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The workings of a car's fuel system

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CarInsurance.com

The workings of a car's fuel system

Learning how the various systems of your car works allows you to not only become more knowledgeable but also allows you to speak intelligently with your mechanic. If you car will not start in the morning and it is the fuel pump causing the problem you will want to know what this means instead of asking a car technician to explain it to you. Learn now about your car's fuel system.

Before learning about the components involved in running the fuel system it is best to have an understanding of what the fuel system accomplishes. The function of the fuel system is to collect and then deliver fuel to the cylinder chamber of your car's engine. Here in the cylinder chamber the fuel is mixed with air as it vaporizes and then the mixtures burns to produce energy. That energy is then converted into a rotary motion that powers your car.

If you look at the fuel system from beginning to end it starts with you putting the fuel into the vehicle at the gas pumps (assuming your car is run by a gasoline engine). The fuel is stored in a fuel tank as you pump it in. The fuel pump then draws the fuel from the tank by way of fuel lines and delivers it through a fuel filter to the fuel injector or if an older car a carburetor. Finally the fuel is delivered to the cylinder chamber for the combustion process to begin.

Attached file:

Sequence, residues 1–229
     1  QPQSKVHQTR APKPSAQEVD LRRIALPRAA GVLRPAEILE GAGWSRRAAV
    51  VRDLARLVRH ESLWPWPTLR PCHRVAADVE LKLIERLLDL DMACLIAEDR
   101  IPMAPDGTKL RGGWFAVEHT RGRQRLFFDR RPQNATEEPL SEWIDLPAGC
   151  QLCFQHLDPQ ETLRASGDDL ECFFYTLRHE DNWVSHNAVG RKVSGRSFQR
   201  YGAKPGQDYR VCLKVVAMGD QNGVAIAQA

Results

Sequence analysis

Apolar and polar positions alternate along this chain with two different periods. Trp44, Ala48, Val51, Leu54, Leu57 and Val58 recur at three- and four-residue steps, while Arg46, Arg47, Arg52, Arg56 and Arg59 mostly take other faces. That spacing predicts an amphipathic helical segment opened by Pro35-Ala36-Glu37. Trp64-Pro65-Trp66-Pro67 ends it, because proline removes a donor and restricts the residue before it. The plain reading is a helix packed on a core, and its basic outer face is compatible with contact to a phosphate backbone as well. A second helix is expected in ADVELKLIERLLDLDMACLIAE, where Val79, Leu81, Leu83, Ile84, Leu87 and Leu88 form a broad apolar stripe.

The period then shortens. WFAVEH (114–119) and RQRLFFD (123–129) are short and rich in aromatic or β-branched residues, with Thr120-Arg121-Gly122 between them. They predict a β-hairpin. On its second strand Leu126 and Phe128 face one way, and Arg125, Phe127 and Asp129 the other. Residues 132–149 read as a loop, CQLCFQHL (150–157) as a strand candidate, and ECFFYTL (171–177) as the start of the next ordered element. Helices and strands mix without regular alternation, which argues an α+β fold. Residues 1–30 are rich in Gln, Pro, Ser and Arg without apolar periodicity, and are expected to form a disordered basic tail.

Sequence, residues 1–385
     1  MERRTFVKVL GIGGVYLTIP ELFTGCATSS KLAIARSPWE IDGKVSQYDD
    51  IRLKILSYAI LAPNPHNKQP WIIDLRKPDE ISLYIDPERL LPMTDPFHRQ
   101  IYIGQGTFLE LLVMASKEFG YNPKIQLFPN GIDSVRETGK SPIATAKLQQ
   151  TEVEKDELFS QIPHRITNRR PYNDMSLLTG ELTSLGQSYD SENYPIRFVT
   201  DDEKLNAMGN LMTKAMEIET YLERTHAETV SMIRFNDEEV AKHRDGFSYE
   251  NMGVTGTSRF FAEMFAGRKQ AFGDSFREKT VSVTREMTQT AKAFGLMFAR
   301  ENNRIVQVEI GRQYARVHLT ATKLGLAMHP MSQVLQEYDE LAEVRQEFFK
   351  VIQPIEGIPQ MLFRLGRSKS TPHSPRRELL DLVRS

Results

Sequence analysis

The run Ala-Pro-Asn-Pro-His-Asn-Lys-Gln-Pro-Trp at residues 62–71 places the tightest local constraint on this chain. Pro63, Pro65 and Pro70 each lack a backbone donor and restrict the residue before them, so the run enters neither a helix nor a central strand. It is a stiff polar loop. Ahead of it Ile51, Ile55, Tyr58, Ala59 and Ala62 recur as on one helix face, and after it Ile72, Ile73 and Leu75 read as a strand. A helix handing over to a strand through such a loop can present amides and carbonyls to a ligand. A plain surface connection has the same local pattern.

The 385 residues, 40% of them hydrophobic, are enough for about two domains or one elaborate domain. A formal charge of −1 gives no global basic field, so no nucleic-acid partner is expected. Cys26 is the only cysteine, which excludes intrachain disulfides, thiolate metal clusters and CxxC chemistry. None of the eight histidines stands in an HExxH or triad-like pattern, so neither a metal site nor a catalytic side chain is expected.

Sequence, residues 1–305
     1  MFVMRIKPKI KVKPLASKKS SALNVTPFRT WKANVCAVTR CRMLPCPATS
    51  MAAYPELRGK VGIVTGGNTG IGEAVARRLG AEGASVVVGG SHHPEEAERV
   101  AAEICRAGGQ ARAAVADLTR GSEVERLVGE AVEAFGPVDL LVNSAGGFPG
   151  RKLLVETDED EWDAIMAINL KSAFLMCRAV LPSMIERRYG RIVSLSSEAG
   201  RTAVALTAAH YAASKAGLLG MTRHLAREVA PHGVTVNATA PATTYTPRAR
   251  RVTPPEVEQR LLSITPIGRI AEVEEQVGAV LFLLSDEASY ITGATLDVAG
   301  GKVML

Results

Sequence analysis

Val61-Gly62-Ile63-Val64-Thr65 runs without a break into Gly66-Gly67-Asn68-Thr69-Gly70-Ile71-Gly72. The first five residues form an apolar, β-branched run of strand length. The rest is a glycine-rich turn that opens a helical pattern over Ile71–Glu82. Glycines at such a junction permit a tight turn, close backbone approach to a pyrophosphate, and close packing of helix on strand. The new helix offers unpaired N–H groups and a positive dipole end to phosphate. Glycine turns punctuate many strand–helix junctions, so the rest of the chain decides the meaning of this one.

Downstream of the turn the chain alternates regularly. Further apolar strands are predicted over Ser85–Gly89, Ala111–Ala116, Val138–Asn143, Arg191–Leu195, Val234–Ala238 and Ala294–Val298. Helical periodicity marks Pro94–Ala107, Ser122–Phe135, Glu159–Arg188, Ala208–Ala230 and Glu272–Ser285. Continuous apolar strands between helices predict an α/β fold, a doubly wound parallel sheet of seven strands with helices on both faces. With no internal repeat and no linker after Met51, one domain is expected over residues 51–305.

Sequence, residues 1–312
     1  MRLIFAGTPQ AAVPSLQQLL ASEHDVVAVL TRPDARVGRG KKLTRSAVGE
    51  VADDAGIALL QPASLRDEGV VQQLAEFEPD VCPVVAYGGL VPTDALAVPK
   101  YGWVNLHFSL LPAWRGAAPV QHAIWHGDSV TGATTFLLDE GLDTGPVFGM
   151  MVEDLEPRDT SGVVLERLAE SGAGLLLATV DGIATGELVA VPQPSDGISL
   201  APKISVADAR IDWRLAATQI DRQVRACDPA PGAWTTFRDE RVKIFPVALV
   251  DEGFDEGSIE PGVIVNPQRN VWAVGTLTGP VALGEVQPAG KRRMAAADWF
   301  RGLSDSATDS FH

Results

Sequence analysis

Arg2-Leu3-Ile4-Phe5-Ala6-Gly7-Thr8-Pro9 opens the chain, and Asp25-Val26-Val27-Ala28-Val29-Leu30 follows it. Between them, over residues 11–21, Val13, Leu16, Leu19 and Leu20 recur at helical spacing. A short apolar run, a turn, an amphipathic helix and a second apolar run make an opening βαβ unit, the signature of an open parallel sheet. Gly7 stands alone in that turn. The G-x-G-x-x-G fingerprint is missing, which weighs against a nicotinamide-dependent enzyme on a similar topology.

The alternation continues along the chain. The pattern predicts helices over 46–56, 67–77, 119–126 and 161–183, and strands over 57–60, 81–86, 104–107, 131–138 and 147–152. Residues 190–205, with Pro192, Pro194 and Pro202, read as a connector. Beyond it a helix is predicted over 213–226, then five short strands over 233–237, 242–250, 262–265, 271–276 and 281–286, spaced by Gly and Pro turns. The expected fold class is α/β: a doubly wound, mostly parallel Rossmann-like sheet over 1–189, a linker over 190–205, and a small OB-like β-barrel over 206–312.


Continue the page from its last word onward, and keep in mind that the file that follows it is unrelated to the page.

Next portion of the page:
What is a fuel system comprised of one might ask. The components of a vehicle's fuel system include fuel tank, fuel pump, fuel lines, fuel filter and fuel injectors meaning the fuel injection system or carburetor. Depending on the age of your vehicle there might be other components but these are the basic parts that run a car's fuel system.

The fuel tank is where the fuel is stored after being pumped into the car so let us start with it. To be as basic as possible the fuel tank is a holding container for your fuel to be stored in until the fuel system calls for it to be drawn out. Within this tank is a unit or "floater" that sends a message to the gas gauge telling it how much gas you have available in the fuel tank. Also positioned in the fuel tank are baffles that should prevent the fuel from sloshing back and forth as you drive around.

Next is the fuel pump. It is usually located inside or near the fuel tank. There are two types of fuel pumps - mechanical and electric. Newer cars that are fuel injected have the electric fuel pump while older carbureted automobiles use the mechanical pump. Either fuel pump functions by drawing the fuel out of the fuel tank and sending it onto the fuel filter and injectors via fuel lines. The pump needs to create enough pressure so that the injectors will be able to distribute the correct amount of fuel no matter what the operating conditions.